The Chinese New Year is a day of reverence on the traditional Chinese calendar. It’s a time for honoring ancestors and deities, but since the 20th century it’s evolved into a day to relax and celebrate togetherness as a family. On January 23, 2012 the Chinese New Year, also known as the Spring Festival, will usher in the year of the dragon.
Chinese Zodiac History
The Chinese zodiac measures time with lunar phases, creating a cycle of 12 years with 12 signs based on animals. One legend says that the animals argued over the order of the cycle so the gods organized a contest, saying that the first animal to cross the river would be the first in the cycle. The sly rat hitched a ride on the back of the ox, so now the order goes: rat, ox, tiger, rabbit, dragon, snake, horse, sheep, monkey, rooster, dog, and lastly the pig.
Year of the Dragon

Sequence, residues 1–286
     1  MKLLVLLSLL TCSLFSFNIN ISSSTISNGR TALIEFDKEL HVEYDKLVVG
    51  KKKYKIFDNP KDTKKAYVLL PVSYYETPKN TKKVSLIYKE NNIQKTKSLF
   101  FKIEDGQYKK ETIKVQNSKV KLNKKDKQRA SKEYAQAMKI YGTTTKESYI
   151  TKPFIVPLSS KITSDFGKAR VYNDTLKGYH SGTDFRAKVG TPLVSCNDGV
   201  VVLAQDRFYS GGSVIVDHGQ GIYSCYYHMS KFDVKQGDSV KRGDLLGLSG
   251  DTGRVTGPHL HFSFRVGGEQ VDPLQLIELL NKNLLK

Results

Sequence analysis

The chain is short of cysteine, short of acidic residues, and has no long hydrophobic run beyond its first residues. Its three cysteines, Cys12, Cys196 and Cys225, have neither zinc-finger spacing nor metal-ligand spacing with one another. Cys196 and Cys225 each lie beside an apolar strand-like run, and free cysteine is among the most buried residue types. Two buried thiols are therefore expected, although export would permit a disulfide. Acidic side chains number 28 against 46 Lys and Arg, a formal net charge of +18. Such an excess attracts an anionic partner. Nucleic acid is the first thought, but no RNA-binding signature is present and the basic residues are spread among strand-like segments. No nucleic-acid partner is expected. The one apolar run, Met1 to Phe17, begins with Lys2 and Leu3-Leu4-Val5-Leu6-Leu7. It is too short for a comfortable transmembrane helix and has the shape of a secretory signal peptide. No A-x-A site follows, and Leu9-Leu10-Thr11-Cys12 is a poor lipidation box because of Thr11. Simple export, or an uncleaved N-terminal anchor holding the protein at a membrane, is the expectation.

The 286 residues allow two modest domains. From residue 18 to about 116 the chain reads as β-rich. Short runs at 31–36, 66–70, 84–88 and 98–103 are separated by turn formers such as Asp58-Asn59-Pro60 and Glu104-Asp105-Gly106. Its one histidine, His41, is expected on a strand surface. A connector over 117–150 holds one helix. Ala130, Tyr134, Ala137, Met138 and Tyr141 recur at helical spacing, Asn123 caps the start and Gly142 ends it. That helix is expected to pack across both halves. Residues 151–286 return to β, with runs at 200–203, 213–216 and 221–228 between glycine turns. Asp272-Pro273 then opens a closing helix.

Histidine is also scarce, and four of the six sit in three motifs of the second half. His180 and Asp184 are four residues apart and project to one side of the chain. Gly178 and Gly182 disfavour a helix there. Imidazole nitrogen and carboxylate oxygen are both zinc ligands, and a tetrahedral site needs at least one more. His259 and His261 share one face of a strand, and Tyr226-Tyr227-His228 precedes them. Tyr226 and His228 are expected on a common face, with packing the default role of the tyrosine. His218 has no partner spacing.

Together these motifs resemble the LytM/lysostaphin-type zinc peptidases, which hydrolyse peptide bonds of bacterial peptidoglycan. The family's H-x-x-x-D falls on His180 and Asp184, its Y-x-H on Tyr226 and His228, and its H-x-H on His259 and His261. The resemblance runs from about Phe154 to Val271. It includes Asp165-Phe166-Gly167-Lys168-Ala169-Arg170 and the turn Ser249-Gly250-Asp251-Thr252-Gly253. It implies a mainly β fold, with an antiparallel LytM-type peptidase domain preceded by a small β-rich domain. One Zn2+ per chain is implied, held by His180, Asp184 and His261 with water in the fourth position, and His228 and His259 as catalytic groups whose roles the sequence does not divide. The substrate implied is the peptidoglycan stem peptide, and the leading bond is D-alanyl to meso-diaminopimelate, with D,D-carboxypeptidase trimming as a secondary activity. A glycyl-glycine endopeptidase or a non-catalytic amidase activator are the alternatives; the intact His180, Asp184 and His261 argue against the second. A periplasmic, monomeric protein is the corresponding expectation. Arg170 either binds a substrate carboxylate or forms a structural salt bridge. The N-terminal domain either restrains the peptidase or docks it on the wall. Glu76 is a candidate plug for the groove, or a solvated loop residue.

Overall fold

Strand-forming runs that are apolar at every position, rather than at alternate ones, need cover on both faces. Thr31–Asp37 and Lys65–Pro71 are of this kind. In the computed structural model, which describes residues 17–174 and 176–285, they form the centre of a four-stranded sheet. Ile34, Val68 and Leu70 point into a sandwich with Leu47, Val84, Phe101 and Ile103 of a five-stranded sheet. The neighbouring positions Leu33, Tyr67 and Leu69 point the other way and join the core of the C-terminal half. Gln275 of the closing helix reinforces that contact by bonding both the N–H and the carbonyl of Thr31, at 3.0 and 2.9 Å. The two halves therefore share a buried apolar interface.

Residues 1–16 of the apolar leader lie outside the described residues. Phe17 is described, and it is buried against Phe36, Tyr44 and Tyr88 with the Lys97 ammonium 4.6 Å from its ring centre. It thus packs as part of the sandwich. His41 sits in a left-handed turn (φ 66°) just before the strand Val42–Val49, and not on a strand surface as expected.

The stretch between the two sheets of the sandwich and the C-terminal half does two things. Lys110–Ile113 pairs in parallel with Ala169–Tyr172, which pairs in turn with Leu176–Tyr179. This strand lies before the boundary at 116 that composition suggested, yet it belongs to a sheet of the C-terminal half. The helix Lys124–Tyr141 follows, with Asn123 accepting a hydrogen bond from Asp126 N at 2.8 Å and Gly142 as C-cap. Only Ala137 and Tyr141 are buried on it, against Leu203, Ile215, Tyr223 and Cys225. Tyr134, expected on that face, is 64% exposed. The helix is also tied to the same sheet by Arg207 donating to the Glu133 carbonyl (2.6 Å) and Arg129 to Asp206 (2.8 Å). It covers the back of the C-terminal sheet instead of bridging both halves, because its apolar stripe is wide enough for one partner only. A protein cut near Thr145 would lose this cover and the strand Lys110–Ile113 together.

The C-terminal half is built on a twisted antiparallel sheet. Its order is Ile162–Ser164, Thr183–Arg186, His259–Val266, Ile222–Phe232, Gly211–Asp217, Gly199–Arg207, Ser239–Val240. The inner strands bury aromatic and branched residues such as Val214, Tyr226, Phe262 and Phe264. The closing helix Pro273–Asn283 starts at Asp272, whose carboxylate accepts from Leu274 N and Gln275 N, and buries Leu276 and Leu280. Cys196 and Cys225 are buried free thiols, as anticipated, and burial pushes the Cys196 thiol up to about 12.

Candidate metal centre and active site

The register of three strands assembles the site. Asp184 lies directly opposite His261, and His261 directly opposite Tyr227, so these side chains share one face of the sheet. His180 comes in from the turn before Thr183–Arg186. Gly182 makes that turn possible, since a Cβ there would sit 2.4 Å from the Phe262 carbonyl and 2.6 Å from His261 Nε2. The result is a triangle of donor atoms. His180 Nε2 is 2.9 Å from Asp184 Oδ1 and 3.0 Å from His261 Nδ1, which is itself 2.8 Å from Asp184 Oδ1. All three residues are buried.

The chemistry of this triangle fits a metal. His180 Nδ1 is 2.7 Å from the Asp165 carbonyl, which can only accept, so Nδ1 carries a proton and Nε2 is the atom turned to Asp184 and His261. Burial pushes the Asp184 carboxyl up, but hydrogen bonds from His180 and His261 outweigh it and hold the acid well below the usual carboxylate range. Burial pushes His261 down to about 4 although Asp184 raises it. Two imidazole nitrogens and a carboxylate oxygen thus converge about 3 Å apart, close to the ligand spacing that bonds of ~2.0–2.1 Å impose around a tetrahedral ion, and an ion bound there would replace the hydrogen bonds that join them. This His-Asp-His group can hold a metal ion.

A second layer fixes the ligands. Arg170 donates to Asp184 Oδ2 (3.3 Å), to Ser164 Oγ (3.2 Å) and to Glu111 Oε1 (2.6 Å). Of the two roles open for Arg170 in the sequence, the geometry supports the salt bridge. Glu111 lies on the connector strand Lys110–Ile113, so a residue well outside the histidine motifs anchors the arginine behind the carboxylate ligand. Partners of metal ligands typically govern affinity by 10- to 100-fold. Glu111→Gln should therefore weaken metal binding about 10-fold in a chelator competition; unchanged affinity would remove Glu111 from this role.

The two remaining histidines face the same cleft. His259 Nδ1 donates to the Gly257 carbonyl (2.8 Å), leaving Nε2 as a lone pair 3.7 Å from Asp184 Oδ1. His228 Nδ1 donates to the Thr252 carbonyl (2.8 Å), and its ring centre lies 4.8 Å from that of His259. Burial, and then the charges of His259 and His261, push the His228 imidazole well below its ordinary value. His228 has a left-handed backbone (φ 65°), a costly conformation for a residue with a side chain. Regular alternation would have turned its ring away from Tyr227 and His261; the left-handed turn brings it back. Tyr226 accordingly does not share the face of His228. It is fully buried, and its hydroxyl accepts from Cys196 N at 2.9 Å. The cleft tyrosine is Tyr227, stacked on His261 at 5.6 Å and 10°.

Dragons are deeply rooted in Chinese culture. The dragon was considered a god with power over waterfalls and rain. The ancient Chinese emperors are said to have considered themselves dragons; it’s reported that they referred to their throne as a dragon seat. Their dragons were a combination of nine animals including the neck of a snake, the claws of an eagle, and the paws of a tiger. Dragons are a symbol of power, divinity, and intelligence.
The dragon is celebrated in the years of 1940, 1952, 1964, 1976, 1988, 2000, and now 2012. The dragon is considered the mightiest sign and is associated with blessings. Those born in the year of the dragon are considered lucky. They are also considered natural leaders, brave, energetic, self-confident, but also short-tempered and sensitive.
Spring Festival Ideas
Looking to get in on the fun and celebrate? Now people of all nationalities participate in Chinese New Year festivals, which usually have traditional songs, dance, music, and feasts. There are festivals across the world including New York, San Francisco, Vancouver, London, and Sydney. It’s you’re interested; see if your local community is planning a celebration.